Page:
Tumor Biology

, Volume 37, Issue 7, pp 9721–9730 | Cite as

Long noncoding RNA H19 contributes to gallbladder cancer cell proliferation by modulated miR-194-5p targeting AKT2

  • Shou-Hua Wang
  • Xiao-Cai Wu
  • Ming-Di Zhang
  • Ming-Zhe Weng
  • Di Zhou
  • Zhi-Wei QuanEmail author
Original Article


Gallbladder cancer (GBC) is a highly malignant cancer with poor prognosis. Although long noncoding RNA (lncRNA) H19 has been reported to play vital role in many human cancers, whether it is involved in GBC proliferation is still unknown. This study was designed to explore the effect of H19 in GBC cell proliferation. The expression of H19 and AKT2 were significantly elevated in GBC tissues, and the level of miR-194-5p is markedly decreased. Moreover, the RNA levels of H19 and AKT2 were positively correlated, and H19 elevation was significantly associated with tumor size. Cell proliferation decreased significantly after knockdown of H19 in GBC-SD and NOZ cells and after knockdown of AKT2 in NOZ cells. Results from cell cycle studies indicated that the S phase were significantly decreased after knockdown of H19 in NOZ cells but significantly elevated after overexpression of H19 in GBC-SD cells. Furthermore, knockdown of H19 upregulated miR-194-5p levels, yet significantly decreased miR-194-5p targeting AKT2 gene expression in NOZ cells. Inhibitor against miR-194-5p reversed these effects. In addition, overexpression of H19 in GBC-SD cells downregulated miR-194-5p and markedly increased AKT2 expression, and miR-194-5p mimic reversed these effects. Eventually, GBC cells were arrested in G0/G1-phase after H19 knockdown, inhibition of miR-194-5p markedly promoted cells into S-phase and co-transfection of siH19, and miR-194-5p inhibitor exerted mutually counter-regulated effects on cell cycle. These results suggested that H19/miR-194-5p/AKT2 axis regulatory network might modulate cell proliferation in GBC.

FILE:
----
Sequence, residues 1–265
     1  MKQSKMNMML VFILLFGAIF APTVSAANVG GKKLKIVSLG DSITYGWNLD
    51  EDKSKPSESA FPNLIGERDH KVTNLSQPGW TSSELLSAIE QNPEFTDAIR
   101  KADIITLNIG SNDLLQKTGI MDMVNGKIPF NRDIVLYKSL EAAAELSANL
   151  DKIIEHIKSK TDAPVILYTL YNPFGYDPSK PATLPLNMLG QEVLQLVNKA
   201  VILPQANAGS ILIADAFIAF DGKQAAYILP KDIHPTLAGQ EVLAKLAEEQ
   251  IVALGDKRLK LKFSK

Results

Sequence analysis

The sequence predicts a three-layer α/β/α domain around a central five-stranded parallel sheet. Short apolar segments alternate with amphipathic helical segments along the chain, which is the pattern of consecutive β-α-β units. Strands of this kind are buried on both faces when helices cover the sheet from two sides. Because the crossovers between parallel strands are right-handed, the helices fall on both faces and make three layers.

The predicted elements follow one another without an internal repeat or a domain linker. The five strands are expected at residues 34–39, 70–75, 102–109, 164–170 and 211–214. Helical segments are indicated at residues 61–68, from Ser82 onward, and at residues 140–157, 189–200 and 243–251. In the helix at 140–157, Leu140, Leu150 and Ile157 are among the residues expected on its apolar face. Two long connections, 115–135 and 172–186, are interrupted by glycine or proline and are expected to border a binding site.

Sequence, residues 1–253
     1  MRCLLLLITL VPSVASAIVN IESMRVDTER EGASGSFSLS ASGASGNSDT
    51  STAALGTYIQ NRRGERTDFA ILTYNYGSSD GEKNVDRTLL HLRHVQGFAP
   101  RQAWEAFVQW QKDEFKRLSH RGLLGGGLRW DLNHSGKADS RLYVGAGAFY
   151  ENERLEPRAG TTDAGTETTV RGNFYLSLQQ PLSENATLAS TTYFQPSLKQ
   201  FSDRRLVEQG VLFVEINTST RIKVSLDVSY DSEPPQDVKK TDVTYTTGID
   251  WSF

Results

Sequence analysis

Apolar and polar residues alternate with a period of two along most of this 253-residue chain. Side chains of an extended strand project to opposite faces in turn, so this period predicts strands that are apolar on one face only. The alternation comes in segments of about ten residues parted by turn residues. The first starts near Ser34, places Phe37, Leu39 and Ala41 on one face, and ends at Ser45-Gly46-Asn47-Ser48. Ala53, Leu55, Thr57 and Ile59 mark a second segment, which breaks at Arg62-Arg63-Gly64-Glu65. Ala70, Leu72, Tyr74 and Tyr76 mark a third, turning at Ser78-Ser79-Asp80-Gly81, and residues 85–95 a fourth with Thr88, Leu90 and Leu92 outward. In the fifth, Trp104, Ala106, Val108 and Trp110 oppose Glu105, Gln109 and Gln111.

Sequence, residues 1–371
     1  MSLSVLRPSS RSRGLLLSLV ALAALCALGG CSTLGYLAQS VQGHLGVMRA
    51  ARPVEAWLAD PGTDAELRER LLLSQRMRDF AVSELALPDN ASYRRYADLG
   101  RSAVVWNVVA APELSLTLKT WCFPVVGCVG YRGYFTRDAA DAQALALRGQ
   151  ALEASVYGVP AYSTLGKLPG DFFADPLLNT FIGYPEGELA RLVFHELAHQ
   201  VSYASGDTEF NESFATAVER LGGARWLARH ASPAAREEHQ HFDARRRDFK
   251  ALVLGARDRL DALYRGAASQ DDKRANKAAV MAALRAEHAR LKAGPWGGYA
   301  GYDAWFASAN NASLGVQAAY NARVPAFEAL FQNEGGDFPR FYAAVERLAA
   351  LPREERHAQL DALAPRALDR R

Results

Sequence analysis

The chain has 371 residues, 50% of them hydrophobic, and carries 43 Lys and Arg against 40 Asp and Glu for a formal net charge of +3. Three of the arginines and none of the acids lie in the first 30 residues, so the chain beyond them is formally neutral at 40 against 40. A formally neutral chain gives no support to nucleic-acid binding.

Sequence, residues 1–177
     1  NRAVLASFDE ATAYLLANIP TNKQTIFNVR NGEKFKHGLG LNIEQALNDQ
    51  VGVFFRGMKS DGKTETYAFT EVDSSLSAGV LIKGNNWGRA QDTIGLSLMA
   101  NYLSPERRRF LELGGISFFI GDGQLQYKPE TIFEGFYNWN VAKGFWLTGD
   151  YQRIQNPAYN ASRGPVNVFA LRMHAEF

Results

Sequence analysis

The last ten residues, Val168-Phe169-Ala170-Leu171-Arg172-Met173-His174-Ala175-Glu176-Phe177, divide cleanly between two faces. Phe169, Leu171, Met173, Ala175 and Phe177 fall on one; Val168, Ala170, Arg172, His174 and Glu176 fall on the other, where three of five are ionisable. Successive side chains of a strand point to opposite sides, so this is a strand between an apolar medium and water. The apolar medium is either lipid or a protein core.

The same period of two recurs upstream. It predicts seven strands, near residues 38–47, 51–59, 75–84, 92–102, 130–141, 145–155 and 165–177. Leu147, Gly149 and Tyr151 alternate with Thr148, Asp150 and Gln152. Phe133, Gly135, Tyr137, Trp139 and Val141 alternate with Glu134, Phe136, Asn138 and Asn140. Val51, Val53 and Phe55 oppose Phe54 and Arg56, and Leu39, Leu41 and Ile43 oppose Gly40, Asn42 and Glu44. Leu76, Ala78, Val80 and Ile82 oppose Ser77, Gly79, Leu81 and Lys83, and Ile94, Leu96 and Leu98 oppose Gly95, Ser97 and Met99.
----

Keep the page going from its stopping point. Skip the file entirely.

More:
Gallbladder cancer Cell proliferation H19 AKT2 



We thank the Eastern Hepatobiliary Surgical Hospital and Institute, The Second Military University, Shanghai, for their help. This work was supported by the National Natural Science Foundation of China (Grant numbers 81272747and 81572297) and Doctorial innovation fund of Shanghai Jiao Tong University School of Medicine. We thank Dr. Qiu Lei, who helped us with language editing.

Compliance with ethical standards

Conflicts of interest



  1. 1.
    Siegel RL, Miller KD, Jemal A. Cancer statistics, 2015. CA: Cancer J Clin. 2015;65(1):5–29. doi: 10.3322/caac.21254.Google Scholar
  2. 2.
    Kanthan R, Senger JL, Ahmed S, Kanthan SC. Gallbladder Cancer in the 21st Century. J Oncol. 2015;2015:967472. doi: 10.1155/2015/967472.CrossRefPubMedPubMedCentralGoogle Scholar
  3. 3.
    Zhu AX, Hong TS, Hezel AF, Kooby DA. Current management of gallbladder carcinoma. Oncologist. 2010;15(2):168–81. doi: 10.1634/theoncologist.2009-0302.CrossRefPubMedPubMedCentralGoogle Scholar
  4. 4.
    Rakic M, Patrlj L, Kopljar M, Klicek R, Kolovrat M, Loncar B, et al. Gallbladder cancer. Hepatobiliary Surg Nutr. 2014;3(5):221–6. doi: 10.3978/j.issn.2304-3881.2014.09.03.PubMedPubMedCentralGoogle Scholar
  5. 5.
    Managadze D, Lobkovsky AE, Wolf YI, Shabalina SA, Rogozin IB, Koonin EV. The vast, conserved mammalian lincRNome. PLoS Comput Biol. 2013;9(2):e1002917. doi: 10.1371/journal.pcbi.1002917.CrossRefPubMedPubMedCentralGoogle Scholar
  6. 6.
    Dey BK, Mueller AC, Dutta A. Long non-coding RNAs as emerging regulators of differentiation, development, and disease. Transcription. 2014;5(4):e944014. doi: 10.4161/21541272.2014.944014.CrossRefPubMedPubMedCentralGoogle Scholar
  7. 7.
    Panzitt K, Tschernatsch MM, Guelly C, Moustafa T, Stradner M, Strohmaier HM, et al. Characterization of HULC, a novel gene with striking up-regulation in hepatocellular carcinoma, as noncoding RNA. Gastroenterology. 2007;132(1):330–42. doi: 10.1053/j.gastro.2006.08.026.CrossRefPubMedGoogle Scholar
  8. 8.
    Pandey GK, Mitra S, Subhash S, Hertwig F, Kanduri M, Mishra K, et al. The risk-associated long noncoding RNA NBAT-1 controls neuroblastoma progression by regulating cell proliferation and neuronal differentiation. Cancer Cell. 2014;26(5):722–37. doi: 10.1016/j.ccell.2014.09.014.CrossRefPubMedGoogle Scholar
  9. 9.